04:40 AM

Newswatch 10.22.07: Waiting for AAPL earnings

Would you like your spam as an MP3?

[AP] The latest in unwanted electronic communication is an MP3 file that began landing in inboxes around the world last week. It features a spooky, synthesized Darth-Vader-sounding female voice touting the stock of Exit Only Inc., traded on the lower-standard Pink Sheets.

Are regulators dragging feet on Intel probe?

[AP] In August, Sen. Charles Schumer and Rep. Kirsten Gillibrand asked the FTC to probe Intel. A letter to the FTC from the New York Democrats said: "If the allegations against Intel are true, the potential harm to consumers could be profound." In a response in September, the FTC told legislators the agency is barred by law from disclosing investigations. On Monday, Brian Fallon, a Schumer spokesman, said the agency appears to be "slow-walking" the issue.

IBM chipset promises superfast downloads

[InfoWeek] IBM disclosed Monday that it has teamed up with Taiwanese vendor MediaTek to develop computer chipsets that the companies say will allow consumers to wirelessly zap high definition content to televisions and other devices at push-button speeds. Dubbed mmWave, the chipsets -- which comprise computer chips and high-speed interconnects -- will use so-called millimeter wave radio technology to transmit the data.

Jobs envisions a decade of annual OS upgrades

[NYT] “I’m quite pleased with the pace of new operating systems every 12 to 18 months for the foreseeable future,” he said. “We’ve put out major releases on the average of one a year, and it’s given us the ability to polish and polish and improve and improve.”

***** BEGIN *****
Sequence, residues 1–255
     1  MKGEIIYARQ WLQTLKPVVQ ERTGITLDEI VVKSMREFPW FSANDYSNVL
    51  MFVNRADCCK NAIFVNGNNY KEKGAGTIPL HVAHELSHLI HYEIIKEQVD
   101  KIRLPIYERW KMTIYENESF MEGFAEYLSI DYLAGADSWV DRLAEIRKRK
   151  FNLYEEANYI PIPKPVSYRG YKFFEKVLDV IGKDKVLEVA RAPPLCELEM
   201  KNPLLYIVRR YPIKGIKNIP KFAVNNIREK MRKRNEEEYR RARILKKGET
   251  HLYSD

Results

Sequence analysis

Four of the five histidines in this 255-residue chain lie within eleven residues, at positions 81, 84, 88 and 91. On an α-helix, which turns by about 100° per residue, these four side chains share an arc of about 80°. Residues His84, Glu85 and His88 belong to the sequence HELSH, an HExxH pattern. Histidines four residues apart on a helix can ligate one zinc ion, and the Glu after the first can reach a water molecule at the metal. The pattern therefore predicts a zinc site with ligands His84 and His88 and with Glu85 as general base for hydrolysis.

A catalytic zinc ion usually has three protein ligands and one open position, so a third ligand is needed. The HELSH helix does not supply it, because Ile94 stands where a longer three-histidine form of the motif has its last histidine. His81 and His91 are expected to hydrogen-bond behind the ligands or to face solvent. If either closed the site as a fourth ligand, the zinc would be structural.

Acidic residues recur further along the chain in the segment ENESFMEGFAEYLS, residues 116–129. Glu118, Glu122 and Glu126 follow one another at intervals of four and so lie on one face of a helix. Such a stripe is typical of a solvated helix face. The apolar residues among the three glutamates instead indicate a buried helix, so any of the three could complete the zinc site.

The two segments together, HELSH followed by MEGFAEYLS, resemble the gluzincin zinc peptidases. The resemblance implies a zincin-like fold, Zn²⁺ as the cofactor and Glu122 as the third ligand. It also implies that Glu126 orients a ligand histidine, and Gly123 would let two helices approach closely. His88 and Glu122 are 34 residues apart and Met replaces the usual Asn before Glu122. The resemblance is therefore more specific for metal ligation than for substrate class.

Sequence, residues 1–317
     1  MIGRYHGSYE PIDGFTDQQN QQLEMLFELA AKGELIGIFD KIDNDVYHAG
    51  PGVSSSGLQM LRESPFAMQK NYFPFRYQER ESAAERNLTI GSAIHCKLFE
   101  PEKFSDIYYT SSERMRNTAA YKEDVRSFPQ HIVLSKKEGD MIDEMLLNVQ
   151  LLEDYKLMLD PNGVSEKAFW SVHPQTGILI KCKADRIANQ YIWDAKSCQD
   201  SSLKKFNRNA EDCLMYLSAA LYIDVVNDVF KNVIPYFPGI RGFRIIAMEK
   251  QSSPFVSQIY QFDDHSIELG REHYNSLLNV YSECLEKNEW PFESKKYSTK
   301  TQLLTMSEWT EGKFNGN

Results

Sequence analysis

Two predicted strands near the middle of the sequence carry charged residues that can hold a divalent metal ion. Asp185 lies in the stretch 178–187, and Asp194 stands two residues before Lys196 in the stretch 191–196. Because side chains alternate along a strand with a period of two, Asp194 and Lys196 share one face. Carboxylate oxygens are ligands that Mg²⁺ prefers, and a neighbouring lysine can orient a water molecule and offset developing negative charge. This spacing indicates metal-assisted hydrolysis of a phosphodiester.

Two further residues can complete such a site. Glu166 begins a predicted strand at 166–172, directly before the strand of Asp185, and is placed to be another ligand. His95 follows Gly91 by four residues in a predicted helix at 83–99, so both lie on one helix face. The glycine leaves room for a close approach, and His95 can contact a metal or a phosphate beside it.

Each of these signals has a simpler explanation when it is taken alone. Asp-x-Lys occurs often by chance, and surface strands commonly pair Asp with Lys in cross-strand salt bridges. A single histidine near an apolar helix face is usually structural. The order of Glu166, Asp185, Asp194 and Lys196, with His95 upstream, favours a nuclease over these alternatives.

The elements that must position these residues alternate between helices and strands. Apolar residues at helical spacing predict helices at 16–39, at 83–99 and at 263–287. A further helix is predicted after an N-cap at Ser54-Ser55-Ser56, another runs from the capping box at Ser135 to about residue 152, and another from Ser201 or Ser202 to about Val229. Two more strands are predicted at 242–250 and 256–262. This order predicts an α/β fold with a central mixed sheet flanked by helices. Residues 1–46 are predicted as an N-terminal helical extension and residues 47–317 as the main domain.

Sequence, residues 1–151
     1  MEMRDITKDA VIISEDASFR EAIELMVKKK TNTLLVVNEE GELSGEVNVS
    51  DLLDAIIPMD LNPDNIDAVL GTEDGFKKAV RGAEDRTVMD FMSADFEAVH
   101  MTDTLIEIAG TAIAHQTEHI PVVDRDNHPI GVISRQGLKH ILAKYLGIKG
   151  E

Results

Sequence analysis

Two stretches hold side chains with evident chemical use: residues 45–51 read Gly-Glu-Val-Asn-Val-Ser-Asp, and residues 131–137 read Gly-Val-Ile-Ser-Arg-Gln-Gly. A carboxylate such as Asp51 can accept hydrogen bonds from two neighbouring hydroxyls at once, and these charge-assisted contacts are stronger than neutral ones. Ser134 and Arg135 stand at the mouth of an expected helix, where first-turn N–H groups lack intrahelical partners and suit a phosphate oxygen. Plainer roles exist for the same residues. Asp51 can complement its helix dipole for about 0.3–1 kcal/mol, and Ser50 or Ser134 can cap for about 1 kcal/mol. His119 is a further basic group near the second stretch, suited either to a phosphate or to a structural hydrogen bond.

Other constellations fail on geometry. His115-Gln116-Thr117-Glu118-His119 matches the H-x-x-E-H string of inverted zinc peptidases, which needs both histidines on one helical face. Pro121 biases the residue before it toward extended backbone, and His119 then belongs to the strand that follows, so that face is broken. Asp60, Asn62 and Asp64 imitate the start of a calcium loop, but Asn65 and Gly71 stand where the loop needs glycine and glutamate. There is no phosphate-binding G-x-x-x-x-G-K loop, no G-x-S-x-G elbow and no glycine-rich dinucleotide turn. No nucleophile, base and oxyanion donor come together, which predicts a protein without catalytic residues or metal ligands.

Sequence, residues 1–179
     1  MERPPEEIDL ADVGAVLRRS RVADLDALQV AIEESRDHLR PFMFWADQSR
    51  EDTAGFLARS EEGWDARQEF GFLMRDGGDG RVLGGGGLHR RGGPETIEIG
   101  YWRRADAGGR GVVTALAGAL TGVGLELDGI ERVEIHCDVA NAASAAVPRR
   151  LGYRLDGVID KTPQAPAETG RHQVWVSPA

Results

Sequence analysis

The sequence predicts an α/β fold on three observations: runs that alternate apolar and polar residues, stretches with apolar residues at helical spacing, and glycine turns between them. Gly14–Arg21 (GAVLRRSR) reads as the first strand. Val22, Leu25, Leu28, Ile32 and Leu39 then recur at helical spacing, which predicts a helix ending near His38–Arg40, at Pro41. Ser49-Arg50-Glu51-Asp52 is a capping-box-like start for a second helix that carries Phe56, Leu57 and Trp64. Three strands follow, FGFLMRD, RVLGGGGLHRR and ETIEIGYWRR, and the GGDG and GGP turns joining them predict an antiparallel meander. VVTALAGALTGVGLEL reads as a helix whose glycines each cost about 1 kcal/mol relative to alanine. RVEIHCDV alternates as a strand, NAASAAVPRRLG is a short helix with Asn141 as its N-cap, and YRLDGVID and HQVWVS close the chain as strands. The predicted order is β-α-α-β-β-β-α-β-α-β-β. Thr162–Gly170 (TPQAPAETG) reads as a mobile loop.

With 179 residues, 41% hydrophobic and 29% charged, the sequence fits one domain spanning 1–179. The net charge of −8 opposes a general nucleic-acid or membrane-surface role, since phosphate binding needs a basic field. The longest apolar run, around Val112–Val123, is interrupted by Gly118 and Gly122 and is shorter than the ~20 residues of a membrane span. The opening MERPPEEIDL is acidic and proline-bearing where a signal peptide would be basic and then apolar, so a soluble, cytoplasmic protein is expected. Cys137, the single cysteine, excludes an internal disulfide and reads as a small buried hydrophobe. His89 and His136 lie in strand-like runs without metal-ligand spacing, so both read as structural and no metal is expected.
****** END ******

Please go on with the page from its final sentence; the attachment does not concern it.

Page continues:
UN agency gives boost to WiMax

[NYT] The United Nations telecommunications agency in Geneva gave the upstart technology called WiMax a vote of approval, providing a sizable victory for Intel and something of a defeat for competing technologies from Qualcomm and Ericsson.

Chemical group says iPhone environmentally sound

[PCW] The Bromine Science and Environmental Forum BSEF), the international organization of the bromine chemical industry, points out that none of the substances Greenpeace is criticizing Apple for deploying in the device are banned under existing environmental law.

Libraries rebuff GOOG, MSFT

[NYT] Several major research libraries have rebuffed offers from Google and Microsoft to scan their books into computer databases, saying they were put off by restrictions these companies wanted to place on the new digital collections. The research libraries, including a large consortium in the Boston area, are instead signing on with the Open Content Alliance, a nonprofit effort to make digital material as widely accessible as possible.